By Thomas J. Rivera (PhD at LUISS & HEC)
On this week’s episode of “Political Capital in the Twenty-First Century” we focus our attention on the impeachment of Brazil’s President Dilma Rousseff in yet another political drama. For those out of the loop, a few weeks ago Brazil’s Congress successfully voted to begin an impeachment trial against the country’s current president over corruption charges. Interestingly, this congress, especially the key protagonists spearheading this “trial against corruption,” are far more implicated in scandals that largely overshadow Rousseff’s allegations – manipulating state funds in order to plug budget gaps. “Altogether, 60 percent of the 594 members of Brazil’s Congress face serious charges like bribery, electoral fraud, illegal deforestation, kidnapping and homicide…” reports the New York Times.
So here we have yet another bizarre story, this time taking the form of corrupt politicians fighting to replace a president in order to replace her with a potentially more corrupt politician. As an illustration, the speaker of the lower house, and champion for impeachment, faces charges of having earned over $40 million in bribes. In fact, if the impeachment process makes it through the Senate, Rousseff will be forced to step down while the trial is held, at which point she will effectively be replaced by the VP Michael Temer – currently charged with involvement in an illegal ethanol purchasing scheme. Given that the unpopular right wing parties have been unable to dethrone the Worker’s Party in the presidential seat since Brazil’s transition to democracy, one can imagine the true reason for inciting what is becoming largely recognized as a coup d’etat.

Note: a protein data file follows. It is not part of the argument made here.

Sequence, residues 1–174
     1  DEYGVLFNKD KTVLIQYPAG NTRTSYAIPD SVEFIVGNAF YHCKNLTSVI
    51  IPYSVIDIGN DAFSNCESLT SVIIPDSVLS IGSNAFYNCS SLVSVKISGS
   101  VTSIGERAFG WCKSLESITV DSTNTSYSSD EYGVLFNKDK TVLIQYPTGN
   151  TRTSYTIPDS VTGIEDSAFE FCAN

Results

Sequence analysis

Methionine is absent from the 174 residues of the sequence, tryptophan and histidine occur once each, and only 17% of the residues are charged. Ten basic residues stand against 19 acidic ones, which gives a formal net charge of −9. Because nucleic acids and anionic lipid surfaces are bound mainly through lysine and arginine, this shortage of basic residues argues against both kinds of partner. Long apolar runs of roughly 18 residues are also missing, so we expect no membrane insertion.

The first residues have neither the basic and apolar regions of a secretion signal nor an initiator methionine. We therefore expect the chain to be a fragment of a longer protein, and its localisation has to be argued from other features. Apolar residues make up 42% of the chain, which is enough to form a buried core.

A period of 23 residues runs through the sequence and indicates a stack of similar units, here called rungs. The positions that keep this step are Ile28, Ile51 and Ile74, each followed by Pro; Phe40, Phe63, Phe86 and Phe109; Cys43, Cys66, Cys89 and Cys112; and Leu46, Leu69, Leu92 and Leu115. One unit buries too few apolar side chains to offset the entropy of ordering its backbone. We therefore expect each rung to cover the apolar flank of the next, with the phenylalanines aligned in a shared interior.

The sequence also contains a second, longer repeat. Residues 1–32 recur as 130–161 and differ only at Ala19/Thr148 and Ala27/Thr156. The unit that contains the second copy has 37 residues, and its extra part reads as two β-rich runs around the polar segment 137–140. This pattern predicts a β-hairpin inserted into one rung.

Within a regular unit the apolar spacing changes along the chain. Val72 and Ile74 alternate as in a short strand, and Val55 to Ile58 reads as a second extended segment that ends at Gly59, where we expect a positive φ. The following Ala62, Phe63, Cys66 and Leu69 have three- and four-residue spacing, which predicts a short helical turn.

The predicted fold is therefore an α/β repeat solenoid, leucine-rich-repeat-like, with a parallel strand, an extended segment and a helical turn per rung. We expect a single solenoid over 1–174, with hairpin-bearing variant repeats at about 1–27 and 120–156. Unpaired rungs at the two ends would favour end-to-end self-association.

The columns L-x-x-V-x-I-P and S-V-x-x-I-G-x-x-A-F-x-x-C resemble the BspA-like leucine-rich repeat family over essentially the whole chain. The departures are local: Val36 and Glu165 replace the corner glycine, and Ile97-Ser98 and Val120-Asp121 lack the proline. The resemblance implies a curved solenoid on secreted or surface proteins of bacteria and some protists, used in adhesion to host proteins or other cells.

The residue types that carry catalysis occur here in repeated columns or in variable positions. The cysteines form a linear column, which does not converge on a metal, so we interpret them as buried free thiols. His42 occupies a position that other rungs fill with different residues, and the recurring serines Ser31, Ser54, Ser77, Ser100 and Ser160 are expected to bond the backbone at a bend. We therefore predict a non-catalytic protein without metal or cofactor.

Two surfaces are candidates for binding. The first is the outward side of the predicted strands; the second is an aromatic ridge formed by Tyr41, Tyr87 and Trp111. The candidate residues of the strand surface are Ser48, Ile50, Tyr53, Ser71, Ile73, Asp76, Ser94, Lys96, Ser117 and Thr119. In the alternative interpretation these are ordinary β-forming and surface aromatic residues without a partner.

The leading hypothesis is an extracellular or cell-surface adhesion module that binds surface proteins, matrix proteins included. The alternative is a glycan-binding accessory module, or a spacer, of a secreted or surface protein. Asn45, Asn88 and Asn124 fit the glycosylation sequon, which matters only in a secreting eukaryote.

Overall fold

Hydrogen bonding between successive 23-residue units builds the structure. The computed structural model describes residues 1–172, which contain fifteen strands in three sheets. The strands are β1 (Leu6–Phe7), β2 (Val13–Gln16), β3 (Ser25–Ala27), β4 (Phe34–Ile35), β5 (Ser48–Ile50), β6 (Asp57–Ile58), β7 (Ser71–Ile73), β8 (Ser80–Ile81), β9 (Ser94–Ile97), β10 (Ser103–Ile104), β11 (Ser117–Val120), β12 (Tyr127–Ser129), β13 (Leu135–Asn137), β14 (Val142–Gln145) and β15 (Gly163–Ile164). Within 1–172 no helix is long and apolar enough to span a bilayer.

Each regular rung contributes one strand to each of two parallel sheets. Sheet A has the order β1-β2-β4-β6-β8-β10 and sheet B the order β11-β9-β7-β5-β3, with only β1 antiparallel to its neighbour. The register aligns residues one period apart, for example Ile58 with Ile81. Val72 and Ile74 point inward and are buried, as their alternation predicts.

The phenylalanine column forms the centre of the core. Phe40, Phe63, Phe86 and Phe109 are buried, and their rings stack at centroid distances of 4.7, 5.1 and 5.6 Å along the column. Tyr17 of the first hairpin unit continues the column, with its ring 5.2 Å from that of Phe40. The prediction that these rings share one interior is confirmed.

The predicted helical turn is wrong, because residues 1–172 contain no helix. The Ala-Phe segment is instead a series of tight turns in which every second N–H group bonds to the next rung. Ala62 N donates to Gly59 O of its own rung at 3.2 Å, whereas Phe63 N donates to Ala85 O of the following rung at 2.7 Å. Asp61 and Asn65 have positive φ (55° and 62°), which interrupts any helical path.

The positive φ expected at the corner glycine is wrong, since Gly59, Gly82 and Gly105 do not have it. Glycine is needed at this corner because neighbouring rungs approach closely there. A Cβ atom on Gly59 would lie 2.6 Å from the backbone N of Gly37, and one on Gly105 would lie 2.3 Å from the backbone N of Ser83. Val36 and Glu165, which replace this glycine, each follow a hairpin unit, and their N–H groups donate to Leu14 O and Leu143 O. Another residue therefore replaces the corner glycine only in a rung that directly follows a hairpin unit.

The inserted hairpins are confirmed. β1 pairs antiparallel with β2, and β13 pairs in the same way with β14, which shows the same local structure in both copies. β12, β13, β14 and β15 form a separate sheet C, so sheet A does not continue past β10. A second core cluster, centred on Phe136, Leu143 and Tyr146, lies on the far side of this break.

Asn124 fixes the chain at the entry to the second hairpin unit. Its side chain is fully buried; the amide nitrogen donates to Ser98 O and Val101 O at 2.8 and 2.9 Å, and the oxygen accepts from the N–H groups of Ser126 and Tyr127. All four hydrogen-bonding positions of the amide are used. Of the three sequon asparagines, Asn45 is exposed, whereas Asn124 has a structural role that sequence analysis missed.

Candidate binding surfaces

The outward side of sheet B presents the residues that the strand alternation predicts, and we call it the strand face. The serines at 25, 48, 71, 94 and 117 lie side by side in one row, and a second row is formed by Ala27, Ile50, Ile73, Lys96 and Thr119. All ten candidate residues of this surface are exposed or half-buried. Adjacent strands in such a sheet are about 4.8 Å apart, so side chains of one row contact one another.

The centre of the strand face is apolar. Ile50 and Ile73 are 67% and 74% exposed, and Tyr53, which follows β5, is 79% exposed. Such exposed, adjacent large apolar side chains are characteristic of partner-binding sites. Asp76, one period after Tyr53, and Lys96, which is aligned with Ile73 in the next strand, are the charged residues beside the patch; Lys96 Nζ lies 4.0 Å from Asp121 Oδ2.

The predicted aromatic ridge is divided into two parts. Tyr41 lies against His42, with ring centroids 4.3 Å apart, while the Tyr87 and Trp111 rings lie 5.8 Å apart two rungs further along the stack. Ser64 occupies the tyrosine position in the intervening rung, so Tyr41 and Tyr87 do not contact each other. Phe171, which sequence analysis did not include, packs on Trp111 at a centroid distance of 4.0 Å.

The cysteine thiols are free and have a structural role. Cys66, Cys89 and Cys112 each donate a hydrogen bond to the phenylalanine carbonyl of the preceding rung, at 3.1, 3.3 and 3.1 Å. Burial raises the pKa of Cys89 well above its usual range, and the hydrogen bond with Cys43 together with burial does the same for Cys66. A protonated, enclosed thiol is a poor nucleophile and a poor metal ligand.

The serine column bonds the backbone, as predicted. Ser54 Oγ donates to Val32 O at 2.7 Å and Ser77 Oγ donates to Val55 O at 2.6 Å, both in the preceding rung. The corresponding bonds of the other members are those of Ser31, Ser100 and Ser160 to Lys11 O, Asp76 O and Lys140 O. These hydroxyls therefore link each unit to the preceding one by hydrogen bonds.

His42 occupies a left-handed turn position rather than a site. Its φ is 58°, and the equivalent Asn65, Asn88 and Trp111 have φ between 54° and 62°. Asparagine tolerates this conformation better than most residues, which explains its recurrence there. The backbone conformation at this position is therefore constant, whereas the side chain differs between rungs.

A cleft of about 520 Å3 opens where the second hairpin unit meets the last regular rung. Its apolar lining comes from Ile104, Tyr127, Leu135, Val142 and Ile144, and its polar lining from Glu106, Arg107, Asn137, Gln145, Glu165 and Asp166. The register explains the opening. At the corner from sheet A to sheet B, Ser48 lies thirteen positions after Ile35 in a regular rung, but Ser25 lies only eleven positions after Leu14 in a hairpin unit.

So how have we gotten here? Again we can talk about the economic frustration of the people, who are largely blaming Rousseff for their woes, but Brazil’s story illustrates a more salient feature of our political era – media’s influence on popular opinion. Brazil’s media is controlled by a tight group of oligarchs largely in favor of the military dictatorship that controlled Brazil before it’s unprecedented and peaceful shift to democracy. It is these media tycoons that are pushing the hardest to smear Rousseff and the Worker’s Party out of office so that they can continue to consolidate and conceal their power. On one side of the coin, who could be against dealing with corruption in Brazilian politics? And why not start at the top when doing so? The other side, that is being largely overlooked, is the long-term security and health of both the Brazilian democracy and its economy.
If Dilma is replaced, who will replace her? Will we simply see one president impeached after another until the influence of media and corruption has the country settle on someone far worse? Or will this be the leverage that the far right needs to convince the people that democracy has failed? Either way, the entire scandal will only exacerbate the economic woes of a country whose political system is currently carrying more uncertainty than Britain’s July 2016 trade balance (hint: the Brexit referendum is in June 2016). One very real fear is that this theater is just a front to help consolidate more wealth and power into the hands of the already wealthy and powerful, undermining democracy and failing the Brazilian people.